As with all city dwellings, there is a lack of nature and harmony which has been remedied in this design. The building base is facing the west, so as to not be tested by the extremely hot weather in the south of Taiwan. Hot weather does not make for a comfortable living environment which is why its effect has been diminished. The design philosophy uses the basic teachings of modernism from the 1960s, and the large amount of greenery is akin to a forest in the city. The unobstructed view allows for an impressive view of the city while the projected shadows demonstrate the natural passage of time. The facade of the building utilizes a cantilever beam-column system with a sun-shaded aluminum plate for deeper light and a richness of space. We try to make the building look light and modern, and hope to reshape the traditional perception of Asian people, that luxury is more important than a feeling of wellness and contentment.

The residential space includes a master bedroom, family room as well as other space which is all enclosed by the natural foliage. The rooms on the front of the west side are designed with a large sunshade platform to take into account the continuity of the west and the continuity of the green space environment. On the second floor, in addition to the inner kitchen, there is also an expansive open kitchen area. The dining table and the sofa area of the living room even extend to the outdoor balcony. It is a living space with no separation that embodies the ideas of continuity and community. The horizontal long window can be seen from the garden. As a rare green living space in the city, the green trees sway in the wind, and the light and shadow from the treetops form interesting changes, allowing the occupants to have a better balanced life experience.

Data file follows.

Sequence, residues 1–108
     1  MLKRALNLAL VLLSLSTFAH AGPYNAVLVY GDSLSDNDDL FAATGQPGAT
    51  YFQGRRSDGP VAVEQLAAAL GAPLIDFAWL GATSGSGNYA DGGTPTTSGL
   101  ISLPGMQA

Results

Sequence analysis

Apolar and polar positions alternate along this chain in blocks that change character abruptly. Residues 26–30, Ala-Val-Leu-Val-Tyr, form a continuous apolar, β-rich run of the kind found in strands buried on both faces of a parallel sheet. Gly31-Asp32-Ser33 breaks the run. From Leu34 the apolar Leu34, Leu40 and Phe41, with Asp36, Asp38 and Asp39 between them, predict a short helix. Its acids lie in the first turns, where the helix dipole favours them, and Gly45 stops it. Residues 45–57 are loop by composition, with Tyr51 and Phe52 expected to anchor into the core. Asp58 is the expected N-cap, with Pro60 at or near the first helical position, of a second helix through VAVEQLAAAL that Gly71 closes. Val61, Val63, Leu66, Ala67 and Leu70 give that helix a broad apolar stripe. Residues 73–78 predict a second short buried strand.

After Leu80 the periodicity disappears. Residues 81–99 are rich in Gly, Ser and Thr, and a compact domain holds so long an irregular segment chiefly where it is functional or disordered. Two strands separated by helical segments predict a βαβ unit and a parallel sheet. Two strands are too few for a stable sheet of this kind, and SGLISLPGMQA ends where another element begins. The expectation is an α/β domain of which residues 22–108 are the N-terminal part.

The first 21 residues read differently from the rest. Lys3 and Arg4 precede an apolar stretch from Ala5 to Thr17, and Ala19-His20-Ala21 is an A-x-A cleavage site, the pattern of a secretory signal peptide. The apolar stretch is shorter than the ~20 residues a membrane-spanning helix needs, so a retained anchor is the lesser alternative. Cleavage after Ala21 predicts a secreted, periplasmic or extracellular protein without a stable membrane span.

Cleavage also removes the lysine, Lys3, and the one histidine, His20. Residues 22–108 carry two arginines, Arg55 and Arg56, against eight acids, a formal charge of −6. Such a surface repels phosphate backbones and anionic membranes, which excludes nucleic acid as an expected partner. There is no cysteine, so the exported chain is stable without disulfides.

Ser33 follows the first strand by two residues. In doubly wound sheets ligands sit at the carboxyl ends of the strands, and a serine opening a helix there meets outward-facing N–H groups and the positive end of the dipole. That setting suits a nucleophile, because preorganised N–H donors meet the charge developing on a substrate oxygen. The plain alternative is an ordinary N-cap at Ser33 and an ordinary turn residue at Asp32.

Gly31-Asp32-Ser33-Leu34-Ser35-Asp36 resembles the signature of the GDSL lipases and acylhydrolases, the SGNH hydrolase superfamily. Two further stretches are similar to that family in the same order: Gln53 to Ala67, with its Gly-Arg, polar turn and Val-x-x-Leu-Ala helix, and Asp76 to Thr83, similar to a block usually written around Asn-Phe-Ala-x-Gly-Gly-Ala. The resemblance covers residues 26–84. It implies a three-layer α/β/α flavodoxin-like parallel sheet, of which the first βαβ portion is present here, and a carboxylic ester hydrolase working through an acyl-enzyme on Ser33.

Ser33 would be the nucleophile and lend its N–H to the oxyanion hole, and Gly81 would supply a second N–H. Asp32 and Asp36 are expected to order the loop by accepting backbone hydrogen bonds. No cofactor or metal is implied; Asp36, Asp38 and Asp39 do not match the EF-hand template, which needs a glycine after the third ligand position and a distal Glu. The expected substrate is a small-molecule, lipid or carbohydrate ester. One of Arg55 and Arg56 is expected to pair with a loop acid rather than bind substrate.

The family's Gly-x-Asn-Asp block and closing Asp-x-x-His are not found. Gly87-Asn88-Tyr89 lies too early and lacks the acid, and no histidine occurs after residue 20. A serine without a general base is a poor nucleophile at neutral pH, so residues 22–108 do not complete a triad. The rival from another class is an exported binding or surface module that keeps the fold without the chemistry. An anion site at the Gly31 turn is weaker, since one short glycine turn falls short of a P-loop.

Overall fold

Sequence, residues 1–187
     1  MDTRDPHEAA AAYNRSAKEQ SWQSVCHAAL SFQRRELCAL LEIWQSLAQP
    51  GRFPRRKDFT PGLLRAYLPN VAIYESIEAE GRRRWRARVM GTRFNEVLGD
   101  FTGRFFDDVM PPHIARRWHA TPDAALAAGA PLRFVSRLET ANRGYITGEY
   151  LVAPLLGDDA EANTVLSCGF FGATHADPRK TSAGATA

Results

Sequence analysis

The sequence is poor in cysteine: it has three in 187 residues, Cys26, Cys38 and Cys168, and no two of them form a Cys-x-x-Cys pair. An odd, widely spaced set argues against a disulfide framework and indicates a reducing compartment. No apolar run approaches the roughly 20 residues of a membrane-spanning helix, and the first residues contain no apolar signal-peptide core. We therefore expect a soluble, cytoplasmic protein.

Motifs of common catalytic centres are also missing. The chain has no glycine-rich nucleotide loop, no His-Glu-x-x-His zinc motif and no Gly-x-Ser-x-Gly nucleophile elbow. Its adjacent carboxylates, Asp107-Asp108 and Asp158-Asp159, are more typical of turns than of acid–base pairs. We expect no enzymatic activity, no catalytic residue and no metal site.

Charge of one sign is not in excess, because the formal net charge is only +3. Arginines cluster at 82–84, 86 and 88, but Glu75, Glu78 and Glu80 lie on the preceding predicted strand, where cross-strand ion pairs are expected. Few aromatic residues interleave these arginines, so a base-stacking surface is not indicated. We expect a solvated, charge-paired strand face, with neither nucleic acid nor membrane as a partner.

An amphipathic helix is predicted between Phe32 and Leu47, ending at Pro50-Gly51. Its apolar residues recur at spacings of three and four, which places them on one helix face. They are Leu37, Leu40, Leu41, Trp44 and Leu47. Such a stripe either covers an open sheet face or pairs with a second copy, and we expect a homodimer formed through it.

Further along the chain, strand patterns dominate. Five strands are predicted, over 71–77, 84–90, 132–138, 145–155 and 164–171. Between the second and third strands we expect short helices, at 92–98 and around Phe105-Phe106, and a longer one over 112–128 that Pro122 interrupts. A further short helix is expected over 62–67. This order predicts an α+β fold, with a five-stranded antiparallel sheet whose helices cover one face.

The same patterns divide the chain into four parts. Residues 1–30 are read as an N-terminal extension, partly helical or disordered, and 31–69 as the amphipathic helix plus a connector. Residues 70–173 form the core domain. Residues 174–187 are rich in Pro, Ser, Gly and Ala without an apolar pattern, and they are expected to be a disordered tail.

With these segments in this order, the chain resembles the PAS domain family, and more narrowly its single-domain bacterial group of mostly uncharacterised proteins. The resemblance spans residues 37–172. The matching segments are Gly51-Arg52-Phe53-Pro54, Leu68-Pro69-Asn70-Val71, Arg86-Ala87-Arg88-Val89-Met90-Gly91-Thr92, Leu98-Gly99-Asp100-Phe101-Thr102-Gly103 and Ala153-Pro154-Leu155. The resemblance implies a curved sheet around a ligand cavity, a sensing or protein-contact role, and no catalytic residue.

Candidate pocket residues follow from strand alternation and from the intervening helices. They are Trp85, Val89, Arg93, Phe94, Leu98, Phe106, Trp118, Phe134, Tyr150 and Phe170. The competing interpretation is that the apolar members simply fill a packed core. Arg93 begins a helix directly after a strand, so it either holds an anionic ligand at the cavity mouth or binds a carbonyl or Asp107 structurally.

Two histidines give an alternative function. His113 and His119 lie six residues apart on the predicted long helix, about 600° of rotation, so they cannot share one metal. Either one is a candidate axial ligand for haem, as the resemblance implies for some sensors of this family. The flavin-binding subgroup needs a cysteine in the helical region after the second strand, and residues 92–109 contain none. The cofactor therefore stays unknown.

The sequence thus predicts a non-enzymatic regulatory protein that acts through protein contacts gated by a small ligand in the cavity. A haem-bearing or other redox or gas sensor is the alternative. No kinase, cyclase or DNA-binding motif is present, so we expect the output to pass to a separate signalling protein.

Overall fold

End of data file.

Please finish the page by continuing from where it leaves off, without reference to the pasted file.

The white cortex coating of the building is conducive to the richness of the shadows that play over it and the facade of the building frame in the sunlight. The variability of the projection of light from the east to west is immediately visible. Through the change of the light and shadows, we feel the variability of time and space. The four seasons of the light wax trees reflect the change of the time axis in the architectural space. All of these things combine to create wonderful memories for the inhabitants of the house.

The facade of the building uses a large number of vertical aluminum and metal pillars in order to strengthen the vertical growth relationship with the trees in the environment. The outer cantilever beam frame of the building is matched with the thick metal decoration material to echo the natural growth of the tree group. With the rhythm of the wind and the changes of light and shadow; a beautiful atmospheric space is created. We attempted to establish a visual balance between the cantilever beams, the reinforced vertical metal grille and the newly implanted light wax trees in the surrounding environment. The physical volume and the framework structure are contrasted with the traditional Chinese reality. The east-west sunshine makes the tree shadow in the garden more vivid, adding interest and coordination in the space. My goal and tendency is to seek a simplification of the basic expression of the heart as it relates to a building and nature.

Greenlight Manor by Keng-Fu Lo in Taiwan won the WA Award Cycle 29. Please find below the WA Award poster for this project.

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